When this actor is triggered, it plays the song specified by it's default settings. If this trigger is 'triggered' again, it will stop the current song that's playing. Unlike a generic Trigger, this special trigger must be triggered by another event. For instance, setup a generic trigger that uses TT_PlayerProximity for the TriggerType and set its Event/Event property to MusicPlay (this will be the EventName).


Next, select a MusicTrigger in the Actor Browser and add it to the level. Set the Event/Tag property of this actor to the MusicPlay event name.


Now when the player encroaches, the generic trigger's radius, it will trigger the MusicTrigger.

The MusicTrigger has a few easy to understand properties. Let's break this class down:

  • Song - this is the music file that will be played when this trigger is activated.
  • FadeInTime - the number of seconds the music will transition into the new track.
  • FadeOutTime - the number of seconds the music will fade out.
  • FadeOutAllSongs - this property simply cancels the current song. If you set the Song property- it will simply be ignored if this property is set to true.


The Line Of Sight trigger was designed for single player games for situations the mapper may desire to trigger an event when a PlayerController (human game player) views the user defined object. Hence, this unique trigger does not work in multiplayer mode (only for the human player that either owns a local or listen server). The LineOfSightTrigger can be used with any group of actors and is very straight forward to use. You should not use it for the trigger itself but instead for an entity in the level. For example, if the player sees just the LOS trigger, an event isn't triggered unless the actor associated with the trigger via the SeenActorTag is in view. Pawns controlled by an AIController will not trigger this actor.

To use a Line Of Sight Trigger, simply add the trigger to the level. Next, adjust the SeenActorTag property to match the Tag property of the actor you want to trigger the LOS event.

Below is an example of a Trigger with the SeenActorTag set followed by explanations of each of the properties:


  • bEnabled - Disables this trigger. Internally, a LineOfSightTrigger does not disable itself. However, if the trigger is disabled, the engine will stop running LOS checks.
  • MaxViewAngle - this is the angle in degrees that the player must view the SeenActor in order to trigger Line Of Sight.
  • MaxViewDist - maximum distance the player can be in order for Line Of Sight to occur. This value is in unreal units.
  • SeenActorTag - this is a required property used by the trigger to determine Line Of Sight for an actor that exists in the level. During initialization, the trigger will find this actor and begin observing it for line of sight events. This functionality seems to be rather restricted though since the only Tag that seems to work is that of the LineOfSight Trigger itself.

During initialization, the trigger searches the level for the indicated actor. Thus, you do not want to set the trigger to point to an actor that does not exist in the level until after gameplay has started. The LineOfSightTrigger should ideally be linked to an actor/decoration that is saved into the actual map.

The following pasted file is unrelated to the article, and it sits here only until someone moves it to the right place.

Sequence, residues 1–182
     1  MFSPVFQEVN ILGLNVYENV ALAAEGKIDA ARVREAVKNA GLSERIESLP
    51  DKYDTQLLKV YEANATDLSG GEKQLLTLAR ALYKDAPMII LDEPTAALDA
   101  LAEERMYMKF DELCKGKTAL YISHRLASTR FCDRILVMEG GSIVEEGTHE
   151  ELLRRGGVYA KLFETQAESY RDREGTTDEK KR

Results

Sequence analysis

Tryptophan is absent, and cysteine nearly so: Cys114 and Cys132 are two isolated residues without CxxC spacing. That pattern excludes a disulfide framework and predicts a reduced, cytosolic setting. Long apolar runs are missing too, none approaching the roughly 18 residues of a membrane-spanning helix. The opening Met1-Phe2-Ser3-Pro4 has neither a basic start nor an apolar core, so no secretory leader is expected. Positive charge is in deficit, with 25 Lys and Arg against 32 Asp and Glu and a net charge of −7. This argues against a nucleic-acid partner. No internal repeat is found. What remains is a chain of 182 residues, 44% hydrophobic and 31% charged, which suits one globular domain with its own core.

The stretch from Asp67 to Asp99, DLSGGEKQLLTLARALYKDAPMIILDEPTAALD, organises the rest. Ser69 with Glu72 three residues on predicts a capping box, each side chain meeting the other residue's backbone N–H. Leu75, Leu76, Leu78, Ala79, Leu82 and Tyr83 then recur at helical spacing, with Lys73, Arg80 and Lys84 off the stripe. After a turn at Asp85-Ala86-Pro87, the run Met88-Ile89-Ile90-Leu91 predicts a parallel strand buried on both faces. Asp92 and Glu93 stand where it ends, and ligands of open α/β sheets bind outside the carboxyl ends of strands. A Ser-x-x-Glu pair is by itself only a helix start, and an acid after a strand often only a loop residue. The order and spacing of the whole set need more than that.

NOTE: Currently LineOfSight Triggers only work in single player mode and they can only be activated once. Also, as described in the above properties, the SeenActorTag should be set to the tag of the LineOfSight Actor's Tag.



The MaterialTrigger is one of the most unique triggers. Unlike the others that have been described, this trigger works with a MaterialSwitch material. A MaterialSwitch material simply iterates through an internal list of materials whenever it is triggered. Note, you can actually trigger any material using a MaterialTrigger in which will proceed to trigger it's FallbackMaterial material. However, only the MaterialSwitch material will actually do something once triggered by default.

First, create a MaterialSwitch material in unrealed. Open up the texture browser and click New. Create a new package or simply use the included UDNMat.utx file which contains an example MaterialSwitch material.


Configure the material using the desired shaders. Personally, in version 927, I've found the only type of materials that tend to crash unrealed are Combiners but most other shaders seem okay. For this example, I have chosen two very simple shaders.


As you can tell from the screenshot, a MaterialSwitch has only two basic properties:

  • Current - this property refers to the current material in the array/group that is being displayed. This number increments until it reaches it's max, and then it resets back to 0. By default it refers to the first image you add to the array but you can change this to indicate which material you want to start with.
  • Materials Array - this is the group of materials you want to alternate through.

Next, you should setup the MaterialTrigger. A MaterialTrigger CANNOT be triggered alone. It must be triggered by an external event (like a Player Proximity trigger) like most of the other specialized triggers. For the pictured example, a generic player proximity trigger is added to the level with the bHidden property set to false. Additionally, a message will appear when the player activates the trigger. The Event property is set to equal MaterialSwitch. The event name is of course not important, as long as it matches the Tag property in the MaterialTrigger.


In this example, you would notice the bubble texture displayed by default (because it was at the Current index 0). When you walk up to the trigger, a message is displayed and the MaterialSwitch activates. The action may happen really fast- so you will want to set a delay in the generic trigger so the materials don't change so fast.